The Voices of Voting: How Do We Judge Design?
By Cooper-Hewitt National Design Museum, September 18, 2007
- Middle School
- People's Design Award
- Language Arts
- Social Studies
One to two fifty-minute class periods
There are a multitude of ways to judge design, from the personal to the global. The People’s Design Award, which is hosted each year by Cooper Hewitt Smithsonian Design Museum and sponsored by Target, gives the general public an opportunity to nominate and vote for their favorite designs. In this lesson students will investigate the diverse parameters of the voting process, and critically examine how design is judged.
Standard 7. Uses reading skills and strategies to understand and interpret a variety of informational textsLevel III. 1. Reads a variety of informational texts (e.g., electronic texts; textbooks; biographical sketches; directions; essays; primary source historical documents, including letters and diaries; print media, including editorials, news stories, periodicals, and magazines; consumer, workplace, and public documents, including catalogs,technical directions, procedures, and bus routes)
Level III. 5. Uses content, style, and structure (e.g., formal or informal language, genre, organization) appropriate for specific audiences (e.g., public, private) and purposes (e.g., to entertain, to influence, to inform)
Working With Others
Standard 1. Contributes to the overall effort of a group
Standard 2. Understands the historical perspective
- conduct research on varied systems of voting
- create a graphic organizer
- participate in small-group and large-group discussion
- analyze, summarize, critique and evaluate information from varied sources
- write a comparison paragraph
- create a presentation
- “Get out the Vote for Design” handout
- Computer with Internet access
Building BackgroundDiverse Votes The purpose of this activity is to encourage students to think about how different elements in popular culture are judged. 1. As a class, visit the Web site of the popular television show American Idol, which invites viewers to cast votes for their favorite performers during the course of the program’s five-month season: http://www.americanidol.com/. Ask your students if they are familiar with, or have participated in, the voting process for American Idol. On this program, contestants pass through an audition process, and then, when they are on the actual program, their singing performances are critiqued by a panel of three judges. The viewing public votes each week, and the performer with the lowest number of votes leaves the competition. 2. Ask the students to compare how the performers are judged at the auditions and how the performers are judged during the program television season. 3. Invite students to share their thoughts and opinions on whether or not the voting process on American Idol is an effective way to judge singing.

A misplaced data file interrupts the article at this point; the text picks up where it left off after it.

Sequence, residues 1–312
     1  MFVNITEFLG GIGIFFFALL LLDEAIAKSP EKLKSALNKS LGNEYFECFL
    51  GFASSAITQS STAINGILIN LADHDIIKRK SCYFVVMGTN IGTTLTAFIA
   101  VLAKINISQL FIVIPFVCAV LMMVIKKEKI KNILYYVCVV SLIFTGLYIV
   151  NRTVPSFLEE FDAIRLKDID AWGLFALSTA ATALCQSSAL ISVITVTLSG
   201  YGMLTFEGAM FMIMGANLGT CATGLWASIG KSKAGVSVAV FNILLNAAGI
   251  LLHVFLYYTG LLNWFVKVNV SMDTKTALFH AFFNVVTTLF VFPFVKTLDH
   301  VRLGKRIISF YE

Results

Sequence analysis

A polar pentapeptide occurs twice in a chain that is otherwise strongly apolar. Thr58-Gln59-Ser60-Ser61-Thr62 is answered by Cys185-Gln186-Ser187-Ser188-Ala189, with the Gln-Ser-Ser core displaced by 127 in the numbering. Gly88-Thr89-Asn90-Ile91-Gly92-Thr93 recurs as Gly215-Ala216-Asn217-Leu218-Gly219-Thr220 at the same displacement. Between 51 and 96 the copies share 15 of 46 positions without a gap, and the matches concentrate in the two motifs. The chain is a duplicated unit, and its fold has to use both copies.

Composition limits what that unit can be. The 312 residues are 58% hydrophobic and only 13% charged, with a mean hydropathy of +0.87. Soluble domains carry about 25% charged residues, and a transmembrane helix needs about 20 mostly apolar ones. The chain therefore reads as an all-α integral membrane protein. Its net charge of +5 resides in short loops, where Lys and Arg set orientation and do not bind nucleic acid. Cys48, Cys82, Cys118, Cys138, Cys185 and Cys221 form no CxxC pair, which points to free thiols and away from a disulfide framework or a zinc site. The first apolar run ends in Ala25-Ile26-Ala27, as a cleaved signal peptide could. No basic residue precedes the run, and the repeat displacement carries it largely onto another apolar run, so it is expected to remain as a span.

Steps for LearningCompare & Contrast The purpose of this activity is for students to analyze a variety of judging systems. 1. Divide the class into small groups. Give each group a copy of the “Get Out the Vote for Design” handout (attached). One component of the handout is the creation of a graphic organizer. A graphic organizer is a visuo-spatial representation of information. 2. Allow time for each group to work on the handout and prepare their presentation.
3. Provide time for each group to share its presentation. Lead a class discussion based on students’ reactions to the presentations.
You may assess the students’ work according to the following categories using a scale of 1-5.
- Graphic Organizer
- Understanding of Varied Voting Systems
- Collaborative Skills
A score of 1=Needs Improvement A score of 2=Adequate A score of 3=Good A score of 4=Excellent A score of 5=Outstanding
Enrichment Extension Activities
Have students conduct further research on how different design disciplines such as architecture, interior design, lighting design, fashion design, and landscape design are judged. Ask the students to share what they learn with their classmates.